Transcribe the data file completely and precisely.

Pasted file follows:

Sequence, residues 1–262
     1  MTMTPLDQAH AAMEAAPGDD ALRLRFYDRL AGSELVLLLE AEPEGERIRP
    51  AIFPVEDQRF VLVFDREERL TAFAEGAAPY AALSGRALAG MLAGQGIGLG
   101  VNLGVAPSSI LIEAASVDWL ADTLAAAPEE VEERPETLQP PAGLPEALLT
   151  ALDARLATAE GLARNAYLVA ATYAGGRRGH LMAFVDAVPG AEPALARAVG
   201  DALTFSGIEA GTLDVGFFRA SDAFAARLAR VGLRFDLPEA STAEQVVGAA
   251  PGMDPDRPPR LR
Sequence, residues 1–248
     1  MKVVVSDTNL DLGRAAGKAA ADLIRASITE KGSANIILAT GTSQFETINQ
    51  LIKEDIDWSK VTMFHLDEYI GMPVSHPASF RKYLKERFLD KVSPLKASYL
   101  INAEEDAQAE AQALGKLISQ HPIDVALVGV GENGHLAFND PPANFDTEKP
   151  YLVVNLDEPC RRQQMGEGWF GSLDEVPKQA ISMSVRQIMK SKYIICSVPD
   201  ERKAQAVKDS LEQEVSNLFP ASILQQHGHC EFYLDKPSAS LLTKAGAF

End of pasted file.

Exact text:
Sequence, residues 1–262
     1  MTMTPLDQAH AAMEAAPGDD ALRLRFYDRL AGSELVLLLE AEPEGERIRP
    51  AIFPVEDQRF VLVFDREERL TAFAEGAAPY AALSGRALAG MLAGQGIGLG
   101  VNLGVAPSSI LIEAASVDWL ADTLAAAPEE VEERPETLQP PAGLPEALLT
   151  ALDARLATAE GLARNAYLVA ATYAGGRRGH LMAFVDAVPG AEPALARAVG
   201  DALTFSGIEA GTLDVGFFRA SDAFAARLAR VGLRFDLPEA STAEQVVGAA
   251  PGMDPDRPPR LR
Sequence, residues 1–248
     1  MKVVVSDTNL DLGRAAGKAA ADLIRASITE KGSANIILAT GTSQFETINQ
    51  LIKEDIDWSK VTMFHLDEYI GMPVSHPASF RKYLKERFLD KVSPLKASYL
   101  INAEEDAQAE AQALGKLISQ HPIDVALVGV GENGHLAFND PPANFDTEKP
   151  YLVVNLDEPC RRQQMGEGWF GSLDEVPKQA ISMSVRQIMK SKYIICSVPD
   201  ERKAQAVKDS LEQEVSNLFP ASILQQHGHC EFYLDKPSAS LLTKAGAF